Register with us or sign in
few weeks, stopping two weeks prior to the show. In the final week we'll just remove the flower heads that are going over.As spring advances, so do the pests. We've had our first outbreak of aphids, and have responded by spraying the plants
Last week I mentioned that my broad beans were mysteriously free from their usual curse of blackfly. Strictly speaking, blackfly isn't a black fly, but a 'black bean aphid'.And while my broad beans may be free from the pest this year, they normally
The plot is abuzz with wildlife, including ladybirds, lacewings, bumblebees and ground beetles. They're all marvellous for my crops; bees increase my yields by pollinating flowers, and ladybirds and lacewings eat a lot of aphids. As well
lacewings have started to seek out basic B with no B in the old out building near my house. Their young or larval stages are such voracious predators of aphids that I'm happy to have their parents to stay any time! Quite often they turn up in the house too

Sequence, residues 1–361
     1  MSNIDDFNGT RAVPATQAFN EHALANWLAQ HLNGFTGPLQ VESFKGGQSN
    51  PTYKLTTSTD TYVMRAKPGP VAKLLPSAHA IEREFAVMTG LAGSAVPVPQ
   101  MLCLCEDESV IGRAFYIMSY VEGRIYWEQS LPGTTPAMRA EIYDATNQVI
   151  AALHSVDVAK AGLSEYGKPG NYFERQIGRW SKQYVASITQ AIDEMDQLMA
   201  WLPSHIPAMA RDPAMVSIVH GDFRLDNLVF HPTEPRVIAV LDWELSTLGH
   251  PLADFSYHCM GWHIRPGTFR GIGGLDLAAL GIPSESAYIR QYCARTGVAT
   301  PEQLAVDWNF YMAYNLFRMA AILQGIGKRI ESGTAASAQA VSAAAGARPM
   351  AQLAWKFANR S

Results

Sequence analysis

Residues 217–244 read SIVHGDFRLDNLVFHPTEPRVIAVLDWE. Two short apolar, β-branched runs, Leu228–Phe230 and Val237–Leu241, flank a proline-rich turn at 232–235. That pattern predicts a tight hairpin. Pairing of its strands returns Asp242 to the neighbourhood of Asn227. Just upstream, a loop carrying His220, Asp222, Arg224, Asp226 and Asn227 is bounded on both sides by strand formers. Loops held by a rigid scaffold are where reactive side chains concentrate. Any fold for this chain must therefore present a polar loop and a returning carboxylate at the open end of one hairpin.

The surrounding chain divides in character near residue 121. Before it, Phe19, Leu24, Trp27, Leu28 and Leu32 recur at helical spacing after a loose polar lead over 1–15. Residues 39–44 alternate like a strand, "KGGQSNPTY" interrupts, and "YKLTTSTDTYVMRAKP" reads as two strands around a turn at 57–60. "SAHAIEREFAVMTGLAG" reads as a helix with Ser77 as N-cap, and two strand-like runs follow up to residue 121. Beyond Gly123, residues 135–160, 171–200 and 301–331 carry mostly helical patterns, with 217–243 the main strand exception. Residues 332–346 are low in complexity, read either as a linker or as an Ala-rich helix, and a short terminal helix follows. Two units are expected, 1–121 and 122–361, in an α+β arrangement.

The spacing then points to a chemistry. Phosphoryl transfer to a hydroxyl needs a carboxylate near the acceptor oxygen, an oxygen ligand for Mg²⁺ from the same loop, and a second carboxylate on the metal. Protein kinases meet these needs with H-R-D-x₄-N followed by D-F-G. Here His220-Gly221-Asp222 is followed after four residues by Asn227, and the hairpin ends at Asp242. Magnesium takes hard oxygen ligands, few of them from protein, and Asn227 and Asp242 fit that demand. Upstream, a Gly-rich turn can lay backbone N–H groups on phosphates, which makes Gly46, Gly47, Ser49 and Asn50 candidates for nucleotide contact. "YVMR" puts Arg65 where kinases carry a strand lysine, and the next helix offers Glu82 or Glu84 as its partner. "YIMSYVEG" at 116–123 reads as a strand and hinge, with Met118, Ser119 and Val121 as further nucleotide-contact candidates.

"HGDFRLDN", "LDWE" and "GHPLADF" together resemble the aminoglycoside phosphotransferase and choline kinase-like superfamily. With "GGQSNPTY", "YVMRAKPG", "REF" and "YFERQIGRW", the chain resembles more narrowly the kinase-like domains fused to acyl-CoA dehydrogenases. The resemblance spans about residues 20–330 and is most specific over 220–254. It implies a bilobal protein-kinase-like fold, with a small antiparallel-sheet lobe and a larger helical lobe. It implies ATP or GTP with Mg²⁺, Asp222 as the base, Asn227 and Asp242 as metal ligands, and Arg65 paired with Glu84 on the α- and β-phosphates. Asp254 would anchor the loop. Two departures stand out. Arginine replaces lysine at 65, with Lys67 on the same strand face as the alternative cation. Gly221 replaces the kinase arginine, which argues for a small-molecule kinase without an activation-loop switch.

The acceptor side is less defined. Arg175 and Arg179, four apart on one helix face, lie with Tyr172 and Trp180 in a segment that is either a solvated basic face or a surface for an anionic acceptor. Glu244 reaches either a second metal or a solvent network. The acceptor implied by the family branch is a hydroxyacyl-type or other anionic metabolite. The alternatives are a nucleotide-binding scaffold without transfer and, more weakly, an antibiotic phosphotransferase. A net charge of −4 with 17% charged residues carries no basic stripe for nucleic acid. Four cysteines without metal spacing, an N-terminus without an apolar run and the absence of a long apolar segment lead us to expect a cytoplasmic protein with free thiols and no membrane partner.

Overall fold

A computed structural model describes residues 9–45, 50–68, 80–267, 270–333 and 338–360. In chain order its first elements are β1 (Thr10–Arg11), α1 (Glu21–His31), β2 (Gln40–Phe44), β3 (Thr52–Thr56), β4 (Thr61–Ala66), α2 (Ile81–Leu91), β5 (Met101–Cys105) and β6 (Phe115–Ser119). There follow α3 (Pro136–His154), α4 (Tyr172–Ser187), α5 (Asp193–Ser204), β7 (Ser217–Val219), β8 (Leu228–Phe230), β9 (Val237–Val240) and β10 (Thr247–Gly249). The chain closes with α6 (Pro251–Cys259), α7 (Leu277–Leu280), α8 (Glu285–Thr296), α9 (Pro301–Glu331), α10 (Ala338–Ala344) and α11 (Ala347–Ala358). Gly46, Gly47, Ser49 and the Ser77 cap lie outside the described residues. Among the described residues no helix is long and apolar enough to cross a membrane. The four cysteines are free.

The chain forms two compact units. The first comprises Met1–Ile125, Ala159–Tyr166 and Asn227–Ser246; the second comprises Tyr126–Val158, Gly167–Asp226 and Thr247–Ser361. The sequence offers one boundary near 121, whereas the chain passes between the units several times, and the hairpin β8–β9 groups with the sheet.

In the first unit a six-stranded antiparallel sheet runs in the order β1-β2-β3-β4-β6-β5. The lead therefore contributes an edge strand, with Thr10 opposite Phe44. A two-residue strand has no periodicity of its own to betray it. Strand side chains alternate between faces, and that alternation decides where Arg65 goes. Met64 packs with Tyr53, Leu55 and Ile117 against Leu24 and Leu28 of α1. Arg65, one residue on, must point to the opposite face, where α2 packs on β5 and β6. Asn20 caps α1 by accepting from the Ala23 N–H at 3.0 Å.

are the larvae of a micro-moth, probably one of the many Coleophora species. Only about 5mm long, they're hidden in a sock-like bag of silk covered in bits of debris and lichen, which camouflage the creatures against the bark.A white aphid proves to be a dead
cypress aphid (No. 10) with civil words and offers of a cup of tea.
feed on pollen from the open flowers, and hopefully breed and lay eggs. Developing larvae then feed on aphids, acting as a form of natural pest control.When I experimented with the 'square foot vegetable plot' planting technique a couple of years ago, I